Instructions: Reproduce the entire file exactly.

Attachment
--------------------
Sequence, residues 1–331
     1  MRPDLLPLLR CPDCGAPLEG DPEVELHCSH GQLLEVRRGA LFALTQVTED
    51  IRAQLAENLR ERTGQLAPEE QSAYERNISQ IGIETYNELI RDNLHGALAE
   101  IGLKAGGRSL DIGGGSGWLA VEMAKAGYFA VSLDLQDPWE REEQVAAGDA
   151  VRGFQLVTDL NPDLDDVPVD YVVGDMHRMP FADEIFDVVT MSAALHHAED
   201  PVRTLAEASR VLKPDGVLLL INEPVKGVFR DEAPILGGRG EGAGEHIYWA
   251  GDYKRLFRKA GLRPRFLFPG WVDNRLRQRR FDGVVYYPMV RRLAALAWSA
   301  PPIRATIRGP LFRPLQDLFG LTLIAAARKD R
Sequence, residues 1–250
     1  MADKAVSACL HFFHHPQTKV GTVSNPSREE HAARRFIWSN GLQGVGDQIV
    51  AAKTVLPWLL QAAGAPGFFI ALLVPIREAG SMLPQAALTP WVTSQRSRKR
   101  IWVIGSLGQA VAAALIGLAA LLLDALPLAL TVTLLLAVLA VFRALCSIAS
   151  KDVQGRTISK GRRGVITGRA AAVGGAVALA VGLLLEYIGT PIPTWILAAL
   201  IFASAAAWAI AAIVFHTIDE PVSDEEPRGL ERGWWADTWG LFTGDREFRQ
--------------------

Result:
Sequence, residues 1–331
     1  MRPDLLPLLR CPDCGAPLEG DPEVELHCSH GQLLEVRRGA LFALTQVTED
    51  IRAQLAENLR ERTGQLAPEE QSAYERNISQ IGIETYNELI RDNLHGALAE
   101  IGLKAGGRSL DIGGGSGWLA VEMAKAGYFA VSLDLQDPWE REEQVAAGDA
   151  VRGFQLVTDL NPDLDDVPVD YVVGDMHRMP FADEIFDVVT MSAALHHAED
   201  PVRTLAEASR VLKPDGVLLL INEPVKGVFR DEAPILGGRG EGAGEHIYWA
   251  GDYKRLFRKA GLRPRFLFPG WVDNRLRQRR FDGVVYYPMV RRLAALAWSA
   301  PPIRATIRGP LFRPLQDLFG LTLIAAARKD R
Sequence, residues 1–250
     1  MADKAVSACL HFFHHPQTKV GTVSNPSREE HAARRFIWSN GLQGVGDQIV
    51  AAKTVLPWLL QAAGAPGFFI ALLVPIREAG SMLPQAALTP WVTSQRSRKR
   101  IWVIGSLGQA VAAALIGLAA LLLDALPLAL TVTLLLAVLA VFRALCSIAS
   151  KDVQGRTISK GRRGVITGRA AAVGGAVALA VGLLLEYIGT PIPTWILAAL
   201  IFASAAAWAI AAIVFHTIDE PVSDEEPRGL ERGWWADTWG LFTGDREFRQ